Get a Voice: Writer, What is Yours?
Welcome back to Excerpt Thursday. I missed a week. Sorry about that.
Excerpt Thursday is where (when?) I excerpt a book about writing, rave about it, and ask questions.
This week the book is still The Fire in Fiction by Donald Maass. And this week it’s about voice.
You may not notice voice when you read. All you may notice is that you like spending time with the main character. A good example is Bobbie Faye in Toni McGee Causey’s Charmed and Dangerous. Bobbi Faye has a life I wouldn’t want in a million years. she’s got so many problems casading around her (you’ll have to read the book for the juicy stuff). What I like about her is her spunk and how deeply she cares about her world and her family in it while everything that is falling apart. I’m enjoying the ride. Everything’s got to work out in the end, right? Bobbie Faye’s voice is disctinctive, spunky, hilarious, and poingant. Actually, the that voice belongs to the author, Toni McGee Causey. Well done!
By contrast, another novel I’m reading (staying nameless) makes me care not even a little for the characters, the setting, or the plot. Why? The main character has a typical voice, one I’ve heard a million times. She has no spine, except a humor that sounds like so many other books I read. Was the author copying? I don’t know. Maybe the author wasn’t digging deep enough for that unique voice.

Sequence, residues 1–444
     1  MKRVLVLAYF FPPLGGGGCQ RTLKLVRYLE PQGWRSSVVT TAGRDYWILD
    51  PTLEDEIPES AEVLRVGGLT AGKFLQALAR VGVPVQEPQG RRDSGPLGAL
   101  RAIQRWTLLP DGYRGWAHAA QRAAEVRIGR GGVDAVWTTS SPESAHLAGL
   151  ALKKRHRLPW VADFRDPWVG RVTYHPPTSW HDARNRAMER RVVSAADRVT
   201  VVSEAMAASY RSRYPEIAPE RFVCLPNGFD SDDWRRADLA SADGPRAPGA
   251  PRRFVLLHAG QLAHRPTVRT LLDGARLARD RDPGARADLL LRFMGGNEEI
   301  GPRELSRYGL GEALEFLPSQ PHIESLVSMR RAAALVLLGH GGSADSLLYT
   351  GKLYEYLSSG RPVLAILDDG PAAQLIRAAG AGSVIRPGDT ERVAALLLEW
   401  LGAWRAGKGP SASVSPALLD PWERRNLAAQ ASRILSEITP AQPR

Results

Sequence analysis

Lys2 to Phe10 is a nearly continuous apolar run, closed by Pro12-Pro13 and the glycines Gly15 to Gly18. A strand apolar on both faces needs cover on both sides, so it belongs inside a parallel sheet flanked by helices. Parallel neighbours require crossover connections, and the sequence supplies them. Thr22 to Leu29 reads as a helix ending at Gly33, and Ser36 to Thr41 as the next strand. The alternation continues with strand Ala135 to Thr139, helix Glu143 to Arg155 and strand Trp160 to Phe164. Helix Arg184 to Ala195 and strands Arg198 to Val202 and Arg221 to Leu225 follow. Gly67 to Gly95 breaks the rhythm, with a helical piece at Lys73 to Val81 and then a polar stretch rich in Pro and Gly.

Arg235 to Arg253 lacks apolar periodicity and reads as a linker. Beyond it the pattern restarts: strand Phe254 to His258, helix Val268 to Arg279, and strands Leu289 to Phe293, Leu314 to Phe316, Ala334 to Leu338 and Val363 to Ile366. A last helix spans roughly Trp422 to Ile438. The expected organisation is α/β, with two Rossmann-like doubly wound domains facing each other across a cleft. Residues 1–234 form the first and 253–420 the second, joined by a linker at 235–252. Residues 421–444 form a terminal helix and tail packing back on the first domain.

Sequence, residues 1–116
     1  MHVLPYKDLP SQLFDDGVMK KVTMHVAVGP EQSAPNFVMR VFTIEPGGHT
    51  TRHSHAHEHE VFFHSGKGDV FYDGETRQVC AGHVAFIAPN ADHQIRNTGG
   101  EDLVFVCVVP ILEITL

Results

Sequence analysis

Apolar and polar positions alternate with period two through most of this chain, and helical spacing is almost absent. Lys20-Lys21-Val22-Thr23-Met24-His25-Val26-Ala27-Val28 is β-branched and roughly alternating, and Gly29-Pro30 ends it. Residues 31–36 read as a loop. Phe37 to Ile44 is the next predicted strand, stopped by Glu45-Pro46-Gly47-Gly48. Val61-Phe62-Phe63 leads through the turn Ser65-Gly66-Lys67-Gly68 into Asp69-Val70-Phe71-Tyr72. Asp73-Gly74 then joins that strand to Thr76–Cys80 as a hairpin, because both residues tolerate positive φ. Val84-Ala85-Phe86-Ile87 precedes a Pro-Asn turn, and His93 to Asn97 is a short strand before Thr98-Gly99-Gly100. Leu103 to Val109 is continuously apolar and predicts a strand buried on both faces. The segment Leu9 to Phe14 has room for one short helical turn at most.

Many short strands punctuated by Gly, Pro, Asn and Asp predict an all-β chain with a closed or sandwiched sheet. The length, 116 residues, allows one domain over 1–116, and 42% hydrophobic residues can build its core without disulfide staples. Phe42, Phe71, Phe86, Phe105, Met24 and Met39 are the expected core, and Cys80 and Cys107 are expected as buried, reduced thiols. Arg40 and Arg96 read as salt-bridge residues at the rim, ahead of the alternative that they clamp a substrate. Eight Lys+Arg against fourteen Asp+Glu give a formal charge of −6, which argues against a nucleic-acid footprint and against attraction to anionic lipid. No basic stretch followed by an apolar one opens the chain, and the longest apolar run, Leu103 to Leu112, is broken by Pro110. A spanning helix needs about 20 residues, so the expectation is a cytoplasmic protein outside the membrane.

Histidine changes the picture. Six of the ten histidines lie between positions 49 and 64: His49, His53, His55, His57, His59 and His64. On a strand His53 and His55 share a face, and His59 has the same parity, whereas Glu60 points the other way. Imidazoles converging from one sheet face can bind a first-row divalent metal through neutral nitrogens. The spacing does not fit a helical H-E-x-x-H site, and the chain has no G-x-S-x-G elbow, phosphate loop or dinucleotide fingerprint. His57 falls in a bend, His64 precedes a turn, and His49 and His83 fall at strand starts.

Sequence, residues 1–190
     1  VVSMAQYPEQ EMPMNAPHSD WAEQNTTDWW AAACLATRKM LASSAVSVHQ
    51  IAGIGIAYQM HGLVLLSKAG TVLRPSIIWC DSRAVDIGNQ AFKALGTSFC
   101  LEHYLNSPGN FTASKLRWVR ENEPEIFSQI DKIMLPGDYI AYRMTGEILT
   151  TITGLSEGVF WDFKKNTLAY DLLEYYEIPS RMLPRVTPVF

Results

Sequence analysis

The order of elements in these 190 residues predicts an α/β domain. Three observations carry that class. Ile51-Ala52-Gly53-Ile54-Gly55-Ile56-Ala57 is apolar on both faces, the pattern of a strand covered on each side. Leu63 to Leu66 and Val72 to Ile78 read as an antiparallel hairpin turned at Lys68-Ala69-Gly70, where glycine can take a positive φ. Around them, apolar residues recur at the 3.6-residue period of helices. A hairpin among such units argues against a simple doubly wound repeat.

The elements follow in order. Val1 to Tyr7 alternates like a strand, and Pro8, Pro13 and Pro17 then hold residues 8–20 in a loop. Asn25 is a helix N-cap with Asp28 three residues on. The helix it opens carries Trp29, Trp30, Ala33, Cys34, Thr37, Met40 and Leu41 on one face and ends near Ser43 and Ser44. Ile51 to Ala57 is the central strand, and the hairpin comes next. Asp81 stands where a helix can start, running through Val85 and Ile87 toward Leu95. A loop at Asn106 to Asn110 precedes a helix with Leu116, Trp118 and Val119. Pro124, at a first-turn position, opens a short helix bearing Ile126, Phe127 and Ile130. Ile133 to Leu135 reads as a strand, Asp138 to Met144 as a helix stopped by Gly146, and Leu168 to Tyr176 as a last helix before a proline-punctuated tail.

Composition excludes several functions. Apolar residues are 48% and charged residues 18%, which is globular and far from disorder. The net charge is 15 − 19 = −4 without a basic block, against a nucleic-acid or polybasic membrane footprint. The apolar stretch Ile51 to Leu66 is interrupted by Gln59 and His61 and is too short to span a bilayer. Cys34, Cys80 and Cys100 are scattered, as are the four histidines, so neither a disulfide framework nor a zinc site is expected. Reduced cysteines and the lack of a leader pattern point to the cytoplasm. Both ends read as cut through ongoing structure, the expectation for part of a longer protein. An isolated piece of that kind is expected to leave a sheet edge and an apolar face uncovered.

Let’s see what Maass has to say about about voice.
“Any characters can stand out without being a ridiculous caricature. It may only be a matter of digging inside to find out what makes him different and distinct from you and me. It can be as simple as giving him his own unique take on things. …
“What kind of opinions do your characters have? How do they express them? You can develop the way they talk, or their outlook and opinions, or both. In doing so you will be developing not just characters more interesting to read about but a voice of your own that speaks with greater force and authority.”
What is disctinct and unique about your character? Pick details out of the ordinary. Your character has opionions. Express them.
c. 2009 Beth Barany
Who Beth Barany works with are aspiring authors. She helps them get writing and get their books out into the world. Find out more in her latest book, The Writer’s Adventure Guide: 12 Stages to Writing Your Book, or at her site: http://www.bethbarany.com.
Excerpt used based on Fair Use laws.